The Ethics of Critical Theory

Robyn Eckersley

in The Oxford Handbook of International Relations

Published in print August 2008 | ISBN: 9780199219322
Published online September 2009 | | DOI:


 The Ethics of Critical Theory

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This article offers an explication and evaluation of the ethics of critical international relations theory. It highlights the distinctive contribution to cosmopolitan ethical inquiry of the Habermasian branch of critical international relations theory, while also pinpointing certain unresolved ethical tensions and inadequacies associated with the discourse ethic. It shows that tensions arise, in part, from the fact that critical theory's ultimate purpose — emancipation — is not exhausted by the procedural requirements of the discourse ethics. The article also examines critical theory's reluctance to ‘do ethics’ in the applied sense of the term. The purpose is not to reduce the ethics of critical theory to applied ethics, nor to discount the importance of critical theory's procedural normative ethics. Rather, it is merely to suggest that, once critical theory acknowledges the extradiscursive underpinnings of its normative ethics, the door is opened to engagement in applied ethical debates.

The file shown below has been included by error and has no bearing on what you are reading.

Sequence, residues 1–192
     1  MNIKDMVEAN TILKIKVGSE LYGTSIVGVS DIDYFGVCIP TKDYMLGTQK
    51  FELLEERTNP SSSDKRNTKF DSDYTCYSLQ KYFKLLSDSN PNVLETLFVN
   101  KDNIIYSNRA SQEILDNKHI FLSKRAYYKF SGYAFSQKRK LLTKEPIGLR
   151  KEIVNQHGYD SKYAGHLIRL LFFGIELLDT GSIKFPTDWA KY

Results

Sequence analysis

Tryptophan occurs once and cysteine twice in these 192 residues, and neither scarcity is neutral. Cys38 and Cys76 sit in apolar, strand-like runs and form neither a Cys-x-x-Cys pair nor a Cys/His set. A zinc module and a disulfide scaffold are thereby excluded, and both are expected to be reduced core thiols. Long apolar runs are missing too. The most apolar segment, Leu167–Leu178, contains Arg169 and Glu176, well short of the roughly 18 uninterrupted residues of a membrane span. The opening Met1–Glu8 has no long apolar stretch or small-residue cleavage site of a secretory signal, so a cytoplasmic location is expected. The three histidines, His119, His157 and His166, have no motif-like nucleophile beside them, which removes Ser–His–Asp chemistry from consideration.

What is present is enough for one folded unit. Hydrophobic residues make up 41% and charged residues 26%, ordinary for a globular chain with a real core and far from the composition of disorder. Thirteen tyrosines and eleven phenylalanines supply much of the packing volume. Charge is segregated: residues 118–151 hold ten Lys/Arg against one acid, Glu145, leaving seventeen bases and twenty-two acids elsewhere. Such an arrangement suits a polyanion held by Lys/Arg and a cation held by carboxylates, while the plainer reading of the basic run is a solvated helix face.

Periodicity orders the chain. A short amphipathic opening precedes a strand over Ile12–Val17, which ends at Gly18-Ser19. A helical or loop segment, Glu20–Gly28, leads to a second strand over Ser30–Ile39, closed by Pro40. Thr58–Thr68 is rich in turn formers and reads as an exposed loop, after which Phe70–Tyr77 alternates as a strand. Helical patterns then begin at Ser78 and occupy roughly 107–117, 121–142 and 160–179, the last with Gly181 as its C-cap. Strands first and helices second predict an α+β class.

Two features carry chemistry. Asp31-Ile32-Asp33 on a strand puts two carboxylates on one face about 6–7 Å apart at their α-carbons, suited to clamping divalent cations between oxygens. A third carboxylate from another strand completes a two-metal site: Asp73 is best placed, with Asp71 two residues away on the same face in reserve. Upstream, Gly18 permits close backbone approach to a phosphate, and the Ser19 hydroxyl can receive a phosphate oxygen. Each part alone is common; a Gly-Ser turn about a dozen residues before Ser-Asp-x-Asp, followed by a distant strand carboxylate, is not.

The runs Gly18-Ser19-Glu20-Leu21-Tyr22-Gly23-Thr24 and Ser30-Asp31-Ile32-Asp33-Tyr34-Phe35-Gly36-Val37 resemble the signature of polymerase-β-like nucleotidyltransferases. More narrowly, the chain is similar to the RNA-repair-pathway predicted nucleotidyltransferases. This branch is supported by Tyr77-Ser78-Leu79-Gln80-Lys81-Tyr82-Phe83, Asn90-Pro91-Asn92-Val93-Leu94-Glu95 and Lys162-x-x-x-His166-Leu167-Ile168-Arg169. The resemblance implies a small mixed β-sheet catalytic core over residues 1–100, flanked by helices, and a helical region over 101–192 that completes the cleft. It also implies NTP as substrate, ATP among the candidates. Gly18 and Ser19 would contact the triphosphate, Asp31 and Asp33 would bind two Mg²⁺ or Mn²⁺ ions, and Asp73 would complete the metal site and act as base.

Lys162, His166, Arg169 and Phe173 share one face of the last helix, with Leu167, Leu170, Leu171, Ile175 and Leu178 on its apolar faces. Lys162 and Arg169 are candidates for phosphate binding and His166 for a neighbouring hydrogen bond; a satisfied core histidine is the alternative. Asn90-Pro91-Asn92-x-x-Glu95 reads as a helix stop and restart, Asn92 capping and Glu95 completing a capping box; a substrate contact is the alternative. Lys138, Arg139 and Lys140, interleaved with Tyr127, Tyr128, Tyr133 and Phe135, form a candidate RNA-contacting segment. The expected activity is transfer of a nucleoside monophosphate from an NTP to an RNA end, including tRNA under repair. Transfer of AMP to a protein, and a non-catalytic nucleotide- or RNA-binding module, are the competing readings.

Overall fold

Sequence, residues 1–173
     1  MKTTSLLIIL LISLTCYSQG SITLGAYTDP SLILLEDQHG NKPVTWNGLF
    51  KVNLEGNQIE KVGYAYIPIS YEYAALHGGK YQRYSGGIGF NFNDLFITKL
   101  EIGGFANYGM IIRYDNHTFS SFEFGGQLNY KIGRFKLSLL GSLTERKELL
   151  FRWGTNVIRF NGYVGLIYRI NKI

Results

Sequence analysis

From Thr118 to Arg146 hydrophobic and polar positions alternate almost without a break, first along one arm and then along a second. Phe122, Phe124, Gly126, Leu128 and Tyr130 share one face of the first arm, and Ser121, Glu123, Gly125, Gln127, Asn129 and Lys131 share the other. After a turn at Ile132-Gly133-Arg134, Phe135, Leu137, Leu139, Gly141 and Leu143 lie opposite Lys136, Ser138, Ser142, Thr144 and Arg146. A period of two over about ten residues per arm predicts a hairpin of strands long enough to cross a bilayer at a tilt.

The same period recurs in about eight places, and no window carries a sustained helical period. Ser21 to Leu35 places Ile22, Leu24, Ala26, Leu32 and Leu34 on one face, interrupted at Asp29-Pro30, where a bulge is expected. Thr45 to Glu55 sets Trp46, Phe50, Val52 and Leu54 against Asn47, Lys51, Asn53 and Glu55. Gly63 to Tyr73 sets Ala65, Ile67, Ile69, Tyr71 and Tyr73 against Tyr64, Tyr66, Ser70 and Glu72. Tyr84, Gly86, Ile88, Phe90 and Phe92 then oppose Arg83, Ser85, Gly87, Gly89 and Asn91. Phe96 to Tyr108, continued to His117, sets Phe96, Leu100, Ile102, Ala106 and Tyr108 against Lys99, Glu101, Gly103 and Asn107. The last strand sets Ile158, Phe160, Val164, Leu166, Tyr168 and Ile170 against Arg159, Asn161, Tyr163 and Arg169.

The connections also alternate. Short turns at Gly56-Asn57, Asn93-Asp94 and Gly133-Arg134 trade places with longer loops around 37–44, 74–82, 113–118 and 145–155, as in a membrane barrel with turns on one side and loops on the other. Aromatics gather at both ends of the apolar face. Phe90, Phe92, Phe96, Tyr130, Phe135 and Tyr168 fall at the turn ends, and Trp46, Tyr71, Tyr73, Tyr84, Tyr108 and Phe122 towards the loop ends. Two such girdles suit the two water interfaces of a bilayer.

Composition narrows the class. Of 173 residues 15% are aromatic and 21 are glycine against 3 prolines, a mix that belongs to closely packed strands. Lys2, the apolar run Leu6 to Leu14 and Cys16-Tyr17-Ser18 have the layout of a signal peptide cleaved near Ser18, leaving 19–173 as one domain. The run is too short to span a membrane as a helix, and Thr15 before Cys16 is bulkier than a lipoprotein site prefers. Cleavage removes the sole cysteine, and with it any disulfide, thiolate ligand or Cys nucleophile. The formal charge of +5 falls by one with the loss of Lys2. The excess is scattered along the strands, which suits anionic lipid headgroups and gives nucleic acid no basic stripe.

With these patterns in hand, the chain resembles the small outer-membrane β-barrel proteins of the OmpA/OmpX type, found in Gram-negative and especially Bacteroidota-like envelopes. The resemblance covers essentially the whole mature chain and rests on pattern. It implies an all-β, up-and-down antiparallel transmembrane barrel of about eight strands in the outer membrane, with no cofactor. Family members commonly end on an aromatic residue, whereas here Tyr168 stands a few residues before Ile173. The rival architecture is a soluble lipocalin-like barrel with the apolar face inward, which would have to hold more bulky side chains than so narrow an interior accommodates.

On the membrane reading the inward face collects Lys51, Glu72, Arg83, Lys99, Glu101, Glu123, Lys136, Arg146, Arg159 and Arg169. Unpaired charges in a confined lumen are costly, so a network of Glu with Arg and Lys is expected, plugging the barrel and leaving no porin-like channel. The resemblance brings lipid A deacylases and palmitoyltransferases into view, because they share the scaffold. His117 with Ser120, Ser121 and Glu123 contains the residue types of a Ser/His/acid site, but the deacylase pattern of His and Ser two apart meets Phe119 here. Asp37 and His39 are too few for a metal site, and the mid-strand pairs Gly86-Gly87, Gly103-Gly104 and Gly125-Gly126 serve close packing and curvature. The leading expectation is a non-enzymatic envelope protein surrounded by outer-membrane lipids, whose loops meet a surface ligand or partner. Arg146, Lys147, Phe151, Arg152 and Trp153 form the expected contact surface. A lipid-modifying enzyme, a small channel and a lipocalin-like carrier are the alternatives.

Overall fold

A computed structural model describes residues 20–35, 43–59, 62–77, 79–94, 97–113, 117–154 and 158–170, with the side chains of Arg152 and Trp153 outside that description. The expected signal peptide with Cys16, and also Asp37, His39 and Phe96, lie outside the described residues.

Keywords: critical theory; international relations; Habermas; ethics; emancipation; ethical inquity

Article.  5337 words. 

Subjects: Politics ; International Relations ; Political Theory

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